UI professor encourages active, healthy lifestyle

By David Rothmund

Dr. Wojtek J. Chodzko-Zajko’s workspace is far from ordinary.

Although a computer monitor is positioned at the top of his desk, a treadmill takes the place of his chair. In addition to his work as a Khan professor in AHS and the department head of Kinesiology and Community Health, he uses the time spent in the office to exercise. Every once in a while, he will stop what he is doing and do sets of pushups.

Chodzko-Zajko, an active father of three children under 3 years old, has found an exercise routine and diet that suits his schedule.

After earning a bachelor’s degree in Exercise Science from the University of London and a Ph.D. from Purdue University, he has focused his research on the different effects that exercise and physical activity have on health and quality of life. His decision to lead a healthy, active life is one that he said is all about “personal empowerment and self advocacy.”

Chodzko-Zajko has also served on the scientific advisory panel of aging and health for the World Health Organization, an agency that directs and coordinates authority for health within the United Nations.

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Ashley Torres, senior in AHS, has similar interests to Chodzko-Zajko. Both enjoy incorporating exercise into their daily routines. Torres said she likes to read while on the stationary bike.

She stated that “an active body activates your mind, and you absorb things better.”

Ever since the fifth grade, Torres made the decision to live a healthier life. In middle school, she fell in love with weight-lifting and cardio. Balancing academics and a healthy lifestyle is not easy, Torres said, but she utilizes her time wisely and never overlooks an opportunity to take part in physical activity. For example, rather than taking the bus to class, she walks.

Chodzko-Zajko also chooses to travel to work in an active way. Throughout his 14 years spent at the University, Chodzko-Zajko has enjoyed running to work rather than driving. When he has to travel around campus, he hops on a bike provided by the AHS department.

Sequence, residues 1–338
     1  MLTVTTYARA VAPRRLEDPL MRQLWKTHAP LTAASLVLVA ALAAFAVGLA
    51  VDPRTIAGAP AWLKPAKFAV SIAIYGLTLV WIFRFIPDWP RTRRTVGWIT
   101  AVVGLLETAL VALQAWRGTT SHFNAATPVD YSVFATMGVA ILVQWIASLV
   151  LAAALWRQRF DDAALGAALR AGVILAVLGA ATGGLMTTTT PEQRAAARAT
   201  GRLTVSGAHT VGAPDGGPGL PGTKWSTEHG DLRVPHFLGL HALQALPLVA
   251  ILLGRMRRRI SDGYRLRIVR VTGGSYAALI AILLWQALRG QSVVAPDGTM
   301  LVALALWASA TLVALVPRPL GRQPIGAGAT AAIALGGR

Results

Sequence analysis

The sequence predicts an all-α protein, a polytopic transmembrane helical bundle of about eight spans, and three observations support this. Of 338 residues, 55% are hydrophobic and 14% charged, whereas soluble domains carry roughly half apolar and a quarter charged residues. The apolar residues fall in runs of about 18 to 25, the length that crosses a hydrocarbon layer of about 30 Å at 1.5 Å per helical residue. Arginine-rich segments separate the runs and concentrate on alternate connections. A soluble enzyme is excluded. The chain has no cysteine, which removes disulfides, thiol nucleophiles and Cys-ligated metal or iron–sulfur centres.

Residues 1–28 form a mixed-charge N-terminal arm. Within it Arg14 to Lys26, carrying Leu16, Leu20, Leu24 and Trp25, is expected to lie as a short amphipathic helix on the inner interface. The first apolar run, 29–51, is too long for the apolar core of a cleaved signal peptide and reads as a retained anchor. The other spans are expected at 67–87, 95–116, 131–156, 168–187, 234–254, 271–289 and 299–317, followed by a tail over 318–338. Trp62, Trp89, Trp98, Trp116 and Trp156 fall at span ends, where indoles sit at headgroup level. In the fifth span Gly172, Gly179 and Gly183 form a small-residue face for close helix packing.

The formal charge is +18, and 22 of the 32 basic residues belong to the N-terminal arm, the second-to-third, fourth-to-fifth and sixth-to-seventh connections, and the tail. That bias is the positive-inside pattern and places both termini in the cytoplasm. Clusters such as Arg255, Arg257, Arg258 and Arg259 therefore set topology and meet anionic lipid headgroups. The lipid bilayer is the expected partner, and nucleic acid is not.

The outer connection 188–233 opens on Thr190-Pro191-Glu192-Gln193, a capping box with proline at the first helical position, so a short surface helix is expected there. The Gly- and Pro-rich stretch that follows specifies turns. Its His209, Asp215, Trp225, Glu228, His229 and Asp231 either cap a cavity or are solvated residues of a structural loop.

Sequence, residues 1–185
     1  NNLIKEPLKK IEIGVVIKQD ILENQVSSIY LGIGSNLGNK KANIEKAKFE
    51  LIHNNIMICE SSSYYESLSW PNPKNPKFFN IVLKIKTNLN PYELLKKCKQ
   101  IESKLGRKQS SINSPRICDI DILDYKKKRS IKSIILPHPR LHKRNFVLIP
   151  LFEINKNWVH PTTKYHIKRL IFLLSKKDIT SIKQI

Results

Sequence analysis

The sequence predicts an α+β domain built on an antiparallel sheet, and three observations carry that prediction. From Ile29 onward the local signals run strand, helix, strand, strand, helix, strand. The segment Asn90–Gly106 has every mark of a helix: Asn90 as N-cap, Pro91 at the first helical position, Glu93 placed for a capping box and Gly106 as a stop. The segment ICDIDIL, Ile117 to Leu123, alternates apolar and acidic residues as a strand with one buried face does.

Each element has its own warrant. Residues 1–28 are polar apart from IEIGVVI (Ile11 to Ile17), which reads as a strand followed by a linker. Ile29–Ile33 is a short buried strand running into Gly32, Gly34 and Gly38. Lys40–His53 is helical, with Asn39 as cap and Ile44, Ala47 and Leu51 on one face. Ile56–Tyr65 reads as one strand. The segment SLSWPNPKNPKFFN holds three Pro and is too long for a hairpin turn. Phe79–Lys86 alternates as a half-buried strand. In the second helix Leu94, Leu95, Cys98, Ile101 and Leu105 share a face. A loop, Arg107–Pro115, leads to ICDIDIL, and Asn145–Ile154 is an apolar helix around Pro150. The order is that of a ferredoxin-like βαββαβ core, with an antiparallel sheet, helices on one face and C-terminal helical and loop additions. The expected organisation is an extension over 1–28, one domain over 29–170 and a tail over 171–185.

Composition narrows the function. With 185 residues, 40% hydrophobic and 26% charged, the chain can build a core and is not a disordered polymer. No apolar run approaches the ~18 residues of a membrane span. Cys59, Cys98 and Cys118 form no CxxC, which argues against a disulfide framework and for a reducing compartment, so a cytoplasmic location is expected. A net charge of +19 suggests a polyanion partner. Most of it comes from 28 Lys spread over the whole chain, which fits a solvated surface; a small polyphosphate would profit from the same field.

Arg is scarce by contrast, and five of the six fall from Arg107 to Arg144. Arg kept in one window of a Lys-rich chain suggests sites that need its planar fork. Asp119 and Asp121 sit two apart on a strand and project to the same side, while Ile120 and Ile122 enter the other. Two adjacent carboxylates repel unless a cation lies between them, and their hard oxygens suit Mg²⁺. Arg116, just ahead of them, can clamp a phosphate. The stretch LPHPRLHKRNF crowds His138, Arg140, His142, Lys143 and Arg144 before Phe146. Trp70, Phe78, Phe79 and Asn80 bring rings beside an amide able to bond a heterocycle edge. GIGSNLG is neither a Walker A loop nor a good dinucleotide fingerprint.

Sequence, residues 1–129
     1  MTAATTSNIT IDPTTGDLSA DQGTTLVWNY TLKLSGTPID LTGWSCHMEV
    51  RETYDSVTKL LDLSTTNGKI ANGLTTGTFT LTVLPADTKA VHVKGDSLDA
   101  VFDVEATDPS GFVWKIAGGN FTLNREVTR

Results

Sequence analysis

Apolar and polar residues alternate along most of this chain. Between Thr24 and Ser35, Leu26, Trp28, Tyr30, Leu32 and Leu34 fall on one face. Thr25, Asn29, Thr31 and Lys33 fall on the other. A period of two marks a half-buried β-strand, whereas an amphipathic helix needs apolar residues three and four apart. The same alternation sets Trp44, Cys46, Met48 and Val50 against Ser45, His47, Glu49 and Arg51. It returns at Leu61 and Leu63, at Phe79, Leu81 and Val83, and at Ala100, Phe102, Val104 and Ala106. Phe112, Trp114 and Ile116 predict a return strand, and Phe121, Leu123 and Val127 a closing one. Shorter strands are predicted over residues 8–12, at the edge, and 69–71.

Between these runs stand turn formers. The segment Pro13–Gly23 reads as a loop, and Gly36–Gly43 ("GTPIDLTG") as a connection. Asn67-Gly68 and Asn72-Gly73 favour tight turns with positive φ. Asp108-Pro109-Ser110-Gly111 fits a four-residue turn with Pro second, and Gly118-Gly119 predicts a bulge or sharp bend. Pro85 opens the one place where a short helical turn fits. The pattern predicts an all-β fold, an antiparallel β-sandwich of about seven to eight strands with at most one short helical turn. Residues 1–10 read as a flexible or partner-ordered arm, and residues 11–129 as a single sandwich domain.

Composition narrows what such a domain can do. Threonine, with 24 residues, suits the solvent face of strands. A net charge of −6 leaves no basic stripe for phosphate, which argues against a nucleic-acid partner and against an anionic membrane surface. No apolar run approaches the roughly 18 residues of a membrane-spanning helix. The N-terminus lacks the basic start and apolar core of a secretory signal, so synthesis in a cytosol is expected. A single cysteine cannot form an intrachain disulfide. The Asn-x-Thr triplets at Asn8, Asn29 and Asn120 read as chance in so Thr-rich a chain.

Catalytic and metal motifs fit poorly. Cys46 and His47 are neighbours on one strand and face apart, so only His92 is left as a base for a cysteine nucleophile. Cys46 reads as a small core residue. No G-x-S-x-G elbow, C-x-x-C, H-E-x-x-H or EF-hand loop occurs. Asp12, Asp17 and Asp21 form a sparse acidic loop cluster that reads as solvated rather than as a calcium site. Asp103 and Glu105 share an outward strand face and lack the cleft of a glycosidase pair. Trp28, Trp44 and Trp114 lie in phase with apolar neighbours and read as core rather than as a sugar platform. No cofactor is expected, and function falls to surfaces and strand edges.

He stressed that there are many “healthy commuting opportunities” that are often overlooked by students and faculty, and he wishes the University would promote more of these. He compares creating an exercise plan to making a financial plan for the future.

“The idea (of) economic security makes you think of where you are now, and where you want to be in 20 or 30 years from now,” Chodzko-Zajko said. He said he would like people to do the same for their health because it adds a sense of security in their health for the future.

Although many students may find difficulty incorporating exercise into their daily routines, Campus Recreation worker Taylor Lombardo, senior in AHS, said she sees regulars come into the ARC at the same time each day.

She said it is important to start living a healthier lifestyle sooner rather than later because once a person gets older and loses the movement and strength in his or her legs and arms, it may become too daunting to begin a personal activity plan.

The U.S. Department of Health and Human Services’ “2008 Physical Activity Guidelines for Americans” points out that individuals should do 60 minutes or more of physical activity throughout the day. These serve as the first publication of national guidelines for physical activity.

According to the guidelines, the three categories of physical activities are aerobic, muscle-strengthening and bone-strengthening. Adults should complete each category at least 3 days a week.

Despite the fact that some people have difficulties finding a suitable workout regimen, Chodzko-Zajko stressed that it is also “important for people to choose their own path and not listen to others.”

Block out the infomercials and celebrity fitness fads, because those routines may not fit your personal activity plan, he said. Additionally, Chodzko-Zajko compared living a healthier lifestyle to a nice restaurant with a large menu.

“There’s not one solution, there’s many,” Chodzko-Sajko said.

Those interested in learning misconceptions about healthy lifestyles can attend “How to Misread the Science of Health,” a speaking event featuring New York Times medical reporter and senior writer Gina Kolata. The event will be held Friday at 3 p.m. at the Alice Campbell Alumni Center.

David can be reached at [email protected].